The overarching goal of the proposed research is to define the cellular, molecular and metabolic mechanisms determining the response of the heart to myocardial ischemia and LV pressure overload, in order to develop novel therapeutic approaches for patients with cardiovascular disease. Our group discovered that macrophage migration inhibitory factory (MIF) is secreted from the heart during ischemia-reperfusion, activating AMP- activated protein kinase (AMPK) and constituting a protective autocrine-paracrine pathway. The protective action of MIF is mediated by the cell surface CD74 receptor. However, MIF has additional pleiotropic effects to activate the chemokine receptors CXCR2/4, which may be detrimental during pathophysiological stress and render it less than ideal for therapeutic development. We have recently discovered a non-redundant second ligand for CD74 called D-dopachrome tautomerase (DDT), which is more selective than MIF for the CD74 receptor. Our initial results indicate that cardiomyocyte-derived DDT has important actions to prevent both injury during ischemic-reperfusion and heart failure consequent to LV pressure overload. Our Chemical Biology group has also designed small molecule agonists that specifically facilitate activation of CD74. Thus, we will study the molecular signaling and physiological effects of these reagents in the heart and then investigate their therapeutic potential in ischemia-reperfusion.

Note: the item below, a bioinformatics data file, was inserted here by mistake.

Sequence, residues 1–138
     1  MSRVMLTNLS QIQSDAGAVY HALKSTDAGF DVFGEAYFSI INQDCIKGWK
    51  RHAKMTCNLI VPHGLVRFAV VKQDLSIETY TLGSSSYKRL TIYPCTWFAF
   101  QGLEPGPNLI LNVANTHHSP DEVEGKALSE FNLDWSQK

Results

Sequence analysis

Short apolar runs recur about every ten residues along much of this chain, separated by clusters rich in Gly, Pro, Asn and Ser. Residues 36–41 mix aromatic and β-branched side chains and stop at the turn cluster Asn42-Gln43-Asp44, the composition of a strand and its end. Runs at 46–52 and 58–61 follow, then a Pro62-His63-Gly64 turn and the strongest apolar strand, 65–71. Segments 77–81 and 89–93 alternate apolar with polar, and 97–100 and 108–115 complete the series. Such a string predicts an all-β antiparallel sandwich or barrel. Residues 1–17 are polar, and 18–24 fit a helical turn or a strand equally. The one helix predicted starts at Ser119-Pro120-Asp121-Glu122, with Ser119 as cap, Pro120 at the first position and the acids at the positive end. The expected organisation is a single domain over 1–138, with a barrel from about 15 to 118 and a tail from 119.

Our specific aims are 1) to determine the signaling mechanisms that mediate DDT action downstream to CD74, 2) to determine the role of endogenous cardiomyocyte-derived DDT in regulating the response of the heart to pathological stress, and 3) to develop and optimize the CD74 pathway as a therapeutic strategy in the heart. Understanding CD74 signaling has broad implications for patients with cardiovascular disease, but might have particular significance in specific individuals who have an increased susceptibility to ischemia in the heart and potentially other solid organs. Such patients include those with a common polymorphism (>5%) in the human MIF promoter, which we have shown leads to impaired MIF secretion and CD74-dependent AMPK activation during hypoxia. The elderly might also benefit, since the MIF- CD74-AMPK axis is also impaired with aging in mice. We have assembled a multi-disciplinary team with expertise in the areas of cellular metabolism and signaling, ischemic heart disease, MIF biology, inflammatory disease, recombinant protein and chemical synthesis. We have generated novel recombinant proteins, small molecule activators, antibodies and genetic mouse models to enable us to test whether the strategy of CD74 receptor activation is protective. Thus, we are poised to define novel biological pathways in ischemic heart disease and develop translational strategies that have potential to result in new treatment strategies for patients with cardiovascular disease.
The overall goal of the proposed research is to define the cellular and molecular mechanisms determining the response of the heart to blood flow deprivation. We will study whether newly discovered proteins potentially protect heart muscle against injury.
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